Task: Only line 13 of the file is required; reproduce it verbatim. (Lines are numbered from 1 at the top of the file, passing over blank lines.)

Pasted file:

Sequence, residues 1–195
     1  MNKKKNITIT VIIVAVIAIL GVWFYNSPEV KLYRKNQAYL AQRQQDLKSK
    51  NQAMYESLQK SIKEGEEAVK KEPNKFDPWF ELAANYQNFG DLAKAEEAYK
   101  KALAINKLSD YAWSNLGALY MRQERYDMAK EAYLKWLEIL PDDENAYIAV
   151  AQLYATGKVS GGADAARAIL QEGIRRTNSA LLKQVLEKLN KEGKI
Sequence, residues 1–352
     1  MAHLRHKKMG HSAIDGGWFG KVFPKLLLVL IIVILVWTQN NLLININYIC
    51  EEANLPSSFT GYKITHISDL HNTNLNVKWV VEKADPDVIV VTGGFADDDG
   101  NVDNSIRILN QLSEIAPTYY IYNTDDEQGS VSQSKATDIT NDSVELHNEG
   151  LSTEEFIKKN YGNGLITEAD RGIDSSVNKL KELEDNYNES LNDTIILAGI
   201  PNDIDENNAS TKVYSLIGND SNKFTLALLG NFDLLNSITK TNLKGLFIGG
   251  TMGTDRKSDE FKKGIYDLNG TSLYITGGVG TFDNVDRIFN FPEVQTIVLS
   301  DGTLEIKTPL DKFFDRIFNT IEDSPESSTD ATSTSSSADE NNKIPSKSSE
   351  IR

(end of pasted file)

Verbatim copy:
   301  DGTLEIKTPL DKFFDRIFNT IEDSPESSTD ATSTSSSADE NNKIPSKSSE